"patrols" of the border. Headed by Chris Simcox, a former elementary
      school teacher, the organization is made up of local ranchers from
      Cochise County, who are encouraged to arm themselves for "patrol"
      operations. On January 5, 2003, about 10 volunteers joined Simcox along
      the Mexican border in one of its first "patrols." Another six people
      were on hand as observers. Some of those observers claimed to be members
      of American Border Patrol and Ranch Rescue. Simcox has blamed the
      federal government and U.S. Border Patrol for failing to "stop the flood
      of immigrants funneling through Cochise County," and has engaged in
      bizarre conspiracy theories, including the notion that the Mexican Army
      is using "Chinese troops" and weaponry.

      In mid-March 2003, Simcox led 34 volunteers with flashlight and
      night-vision devices to patrol Cochise County's border with Mexico,
      concluding, in Simcox's words, "its most productive -- yet most
      terrifying -- weekend to date." He claimed to have seized 43 illegal
      immigrants and turned them over to the Border Patrol and to have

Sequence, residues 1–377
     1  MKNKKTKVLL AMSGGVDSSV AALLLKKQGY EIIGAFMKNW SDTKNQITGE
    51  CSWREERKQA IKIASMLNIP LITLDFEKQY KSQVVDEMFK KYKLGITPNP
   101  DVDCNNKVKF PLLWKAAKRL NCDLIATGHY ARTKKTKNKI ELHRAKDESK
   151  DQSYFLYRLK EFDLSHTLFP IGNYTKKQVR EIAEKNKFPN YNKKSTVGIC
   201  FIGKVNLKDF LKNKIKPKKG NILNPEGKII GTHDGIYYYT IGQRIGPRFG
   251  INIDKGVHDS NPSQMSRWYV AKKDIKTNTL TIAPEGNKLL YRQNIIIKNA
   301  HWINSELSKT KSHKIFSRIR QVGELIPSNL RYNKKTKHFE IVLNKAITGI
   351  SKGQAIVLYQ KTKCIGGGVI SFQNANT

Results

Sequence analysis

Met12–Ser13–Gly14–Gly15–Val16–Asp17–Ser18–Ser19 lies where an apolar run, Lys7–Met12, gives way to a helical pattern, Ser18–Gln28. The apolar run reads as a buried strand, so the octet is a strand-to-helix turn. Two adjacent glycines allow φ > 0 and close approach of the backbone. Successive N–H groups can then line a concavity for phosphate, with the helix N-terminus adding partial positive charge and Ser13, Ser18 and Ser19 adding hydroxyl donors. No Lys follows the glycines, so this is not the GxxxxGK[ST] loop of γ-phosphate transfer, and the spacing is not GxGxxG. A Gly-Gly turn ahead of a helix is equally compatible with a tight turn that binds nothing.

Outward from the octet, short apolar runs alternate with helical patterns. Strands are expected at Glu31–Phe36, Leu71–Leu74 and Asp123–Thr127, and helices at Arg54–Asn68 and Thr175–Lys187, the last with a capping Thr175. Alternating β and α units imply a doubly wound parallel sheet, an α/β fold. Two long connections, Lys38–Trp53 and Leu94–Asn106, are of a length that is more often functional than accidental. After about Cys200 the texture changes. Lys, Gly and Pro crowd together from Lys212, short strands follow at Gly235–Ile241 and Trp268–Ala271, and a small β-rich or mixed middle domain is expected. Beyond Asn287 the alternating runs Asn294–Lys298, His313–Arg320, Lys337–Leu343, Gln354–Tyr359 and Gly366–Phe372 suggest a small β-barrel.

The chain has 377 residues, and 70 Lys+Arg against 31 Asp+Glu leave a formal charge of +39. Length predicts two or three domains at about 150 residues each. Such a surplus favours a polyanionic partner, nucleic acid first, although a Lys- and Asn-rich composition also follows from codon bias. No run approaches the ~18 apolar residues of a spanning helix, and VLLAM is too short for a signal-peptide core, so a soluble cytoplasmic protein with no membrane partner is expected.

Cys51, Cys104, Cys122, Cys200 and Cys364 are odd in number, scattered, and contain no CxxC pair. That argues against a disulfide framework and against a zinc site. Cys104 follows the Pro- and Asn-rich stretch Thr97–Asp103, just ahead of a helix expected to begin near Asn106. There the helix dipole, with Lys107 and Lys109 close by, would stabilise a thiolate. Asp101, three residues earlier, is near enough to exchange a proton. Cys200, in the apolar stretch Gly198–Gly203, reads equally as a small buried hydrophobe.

frightened off another 80. Since the beginning of the war with Iraq,
      Simcox claims his group has conducted daily patrols, seizing more than
      200 migrants. Simcox is the publisher of a local newspaper, the
      Tombstone Tumbleweed, which often assumes a militant tone.

      EDITORS NOTE: The full report, Border Disputes: Armed Vigilantes in
      Arizona is available on the League's Web site at http:// www.adl.org.

      The Anti-Defamation League, founded in 1913, is the world's leading
      organization fighting anti-Semitism through programs and services that
      counteract hatred, prejudice and bigotry.


      Que todos se levanten, May all rise up,
      que ni uno ni otro May all be called
      se quede atras de los demas. May no one be left behind.
      --Pop Wuj the others.

    Your message has been successfully submitted and would be delivered to recipients shortly.